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English student becomes Chinese teacher: Xian works on master's degree while teaching Chinese to American students
Bingjie Zhao
Antelope Staff
Photo by Bingjie Zhao
Huihui Xian, a graduate student in curriculum and instruction from Weifang, misses her home and family in China, but while she is at UNK promotes Chinese language and culture with international students and anyone who wants to learn to speak her language.

Huihui Xian, a graduate student in curriculum and instruction from Weifang, China is not only a student but also an instructor of Chinese in the modern languages department.

After she graduated from Shandong University in China with an English major, she taught English in Shandong University at Weihai for four years. Then, in 2008 she came to UNK for her master’s degree and also another teaching experience.

In the beginning, she found culture shock everywhere, all the time. But as time went on, Xian has learned to love the study environment because she feels that students here are more independent.

As an instructor, she values the close relationship between students and teachers at UNK. The relationship between teachers and students here in United States works better— helping to achieve goals and helping the students to learn, she said.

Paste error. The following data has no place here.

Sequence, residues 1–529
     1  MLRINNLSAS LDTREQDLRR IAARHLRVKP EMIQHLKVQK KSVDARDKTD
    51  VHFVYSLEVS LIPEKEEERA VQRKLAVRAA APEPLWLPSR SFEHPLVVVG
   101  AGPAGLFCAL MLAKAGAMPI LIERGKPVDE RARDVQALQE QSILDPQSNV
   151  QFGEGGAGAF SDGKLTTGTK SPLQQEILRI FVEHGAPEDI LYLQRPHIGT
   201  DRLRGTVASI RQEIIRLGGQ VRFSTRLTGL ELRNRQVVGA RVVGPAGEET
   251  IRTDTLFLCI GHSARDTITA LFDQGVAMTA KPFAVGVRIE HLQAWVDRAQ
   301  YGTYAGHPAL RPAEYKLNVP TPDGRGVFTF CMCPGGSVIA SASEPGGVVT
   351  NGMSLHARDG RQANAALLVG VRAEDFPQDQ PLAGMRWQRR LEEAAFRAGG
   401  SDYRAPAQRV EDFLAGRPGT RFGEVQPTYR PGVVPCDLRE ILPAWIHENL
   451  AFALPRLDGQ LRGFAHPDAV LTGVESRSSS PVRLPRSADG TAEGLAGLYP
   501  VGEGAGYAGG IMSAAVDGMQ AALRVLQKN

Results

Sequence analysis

In Xian’s opinion, in China the teacher dominates the classroom, but in United States, the teacher is a facilitator. Therefore, she feels students here have more freedom to choose and know what they really want to learn. Thus the American students have more passion in the class.

“It seems like the Chinese or Asian students do not feel comfortable showing their opinion in front of the class, Xian  said. “ International students are quiet and do not speak up as much.”

But she also said it is interesting that American students will complain there is too much homework. If they do not like it, they just skip it. However, in China or other countries in Asia, this rarely happens.

Xian said in Asian culture, there is tradition to respect the instructor, and she feels Japanese students keep this tradition even more than Chinese students.

Leaving home for two years was hard for Xian. She wants to go back and bring American visitors to China. She said, “I hope more people join in learning Chinese because it will be helpful.”

She said she can’t wait to graduate because she loves China. “I love my hometown, love my country more since I left there.”

She went back home this past summer and noticed so many changes in one year. “It is obvious you can feel China developing so fast, and its passion and vitality makes you excited. You cannot wait to go

Every year, groups from UNK visit cities in China.  Last summer, Xian was happy to meet many of them there and helped and guided them in China.

She believes people should go and see what the real China is, and she really wants more people to learn Chinese. “If you are doing some business work, I recommend learning some Chinese and going there to find more opportunities. You will find a huge and vital market,” Xian said.


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